The future is dark, which is the best thing the future can be, I think.– Virginia Woolf
Our actions lie on the horizon of the present, in that swirling cloud where fantasy turns into reality. To plan is to cast a shadow into the future, to attempt to lay shape to the unknown. As the present merges with the future, reality will try our plans on for size, indifferently gauging its fit before casting it aside like an unwanted garment.
We can never know if our actions are futile or not, we can never know what events they set in motion. They may set off a future we could never have predicted, shaping the approaching present in ways we could never have imagined. The true extent of our actions may never be known during our lifetime; in this sense failure and success are measured within an ever-changing and unpredictable chain-reaction of events.
The failure to act is a behavior driven by the fear of the unknown. In the face of a future we can never foresee, we question our abilities, our determination, ourselves. We keep our potential on a short leash for fear that we might fail. In all walks of life, failure forces an unpleasant introspection. In Cycling, failure forces that same introspection, along with suffering, and – apparently – some panic and possibly a few tears. Also some screaming and the chucking of bidons and gel packets. (If there were no cameras, it never happened. And it wasn’t me, I was the target. If it happened at all. Theoretically.)
But failure is only failure when cast in the light of the present; if we choose to fold that failure into our future actions and use it to inform the oncoming present, then those failures can become the foundation for success.
Our minds are our worst enemies, at least when it comes to accomplishing things. Actually, I suppose that’s not really fair; let me rephrase that: the part of your mind that does all the inner-monologuing is our worst enemy. It’s useless. All it does is tell us what might be, what we might not accomplish, the consequences that might arise from our actions should we strive to achieve more.
Brain: If we keep from trying, no one will ever know we failed.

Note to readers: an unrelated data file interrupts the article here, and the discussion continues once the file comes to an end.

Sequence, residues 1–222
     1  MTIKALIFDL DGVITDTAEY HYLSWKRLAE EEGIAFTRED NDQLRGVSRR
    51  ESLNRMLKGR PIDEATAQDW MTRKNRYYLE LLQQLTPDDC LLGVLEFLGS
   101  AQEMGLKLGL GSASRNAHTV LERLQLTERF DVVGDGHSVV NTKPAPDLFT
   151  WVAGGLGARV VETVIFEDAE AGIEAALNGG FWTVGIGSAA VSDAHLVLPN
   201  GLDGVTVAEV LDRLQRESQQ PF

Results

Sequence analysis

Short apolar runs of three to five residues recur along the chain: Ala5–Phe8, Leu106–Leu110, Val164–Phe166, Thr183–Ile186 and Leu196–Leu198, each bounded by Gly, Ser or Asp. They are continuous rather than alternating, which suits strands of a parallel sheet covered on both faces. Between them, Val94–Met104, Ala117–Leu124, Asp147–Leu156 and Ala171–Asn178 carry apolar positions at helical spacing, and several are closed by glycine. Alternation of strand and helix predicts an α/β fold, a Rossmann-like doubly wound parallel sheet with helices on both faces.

Reality: Let’s get this one out of the way first: this is the Big Lie that our minds always tell us – this is what truly short-changes us from achieving our potential. I would rather fail and know I tried than preempt the virtual guarantee of failure by not giving everything I have to the chance of success.
Brain: We don’t know how long this climb is, we better store spare coals in the back room in case of emergency. It might get steep later or there might be a second climb.
Reality: There is no second climb; only the climb you are on. Besides, you are already in the lowest gear, even if you have a few cogs in reserve; the only gear that exists is V. There is no “spare coal”. It is a myth. The only thing you should be hoarding coals for is the energy it takes lift a Recovery Ale to your neck-hole when you finally finish the ride.
Brain: It’s raining and cold out there. The TV has some good programs on. For instance, there’s a great show about people who date naked but whose nakedness no one ever sees (except, presumably, the dating parties.) And we have beer in here. And chips.
Reality: Sean Kelly once said that you can’t tell how cold and wet it is outside by looking out the window; you have to kit up, go training and when you come back, you’ll know how cold and wet it is out there. So get out and ride, you wee imp. Rule #9. You don’t get better by only riding in good weather. Plus, a little hypothermia is a great way to lose weight; all that shaking really burns the calories.
Brain: We can’t believe how much we’re suffering to hold the wheel in front. Everyone else must be in great shape. We don’t stand a chance.
Reality: Those other riders are on the rivet if you are. Rule #10 was ever thus. This would be a good time to attack. Hinault always attacked whenever he felt weak; better to be off the front and suffering alone than to let others witness your suffering first-hand.
Brain: Your legs are burning already. And do you feel that in your lungs? Even your arms are starting to hurt, so do your jaw muscles. Do you realize what that means? This sport doesn’t use those muscles and still they hurt. A lot. You are not making friends with your body here. We all hate you. Every one of us. We’re talking Union. Against you.
Reality: We all have a tiny little Scotty inside our engine room telling us how the motor is “Givin’ er all she’s got, Cap’n!” Bullshit. There’s another 20% in there, easy. Your mind just doesn’t want you to figure out the big scam.
To take a chance, to challenge to the unknown and play our hand at shaping the future is to take ultimate control of the unknown, to play an active role in our own fate. The future is dark, full of possibility. We Velominati are driven to succeed and embrace failure as a cobblestone beneath our wheel along our path to La Vie Velominatus.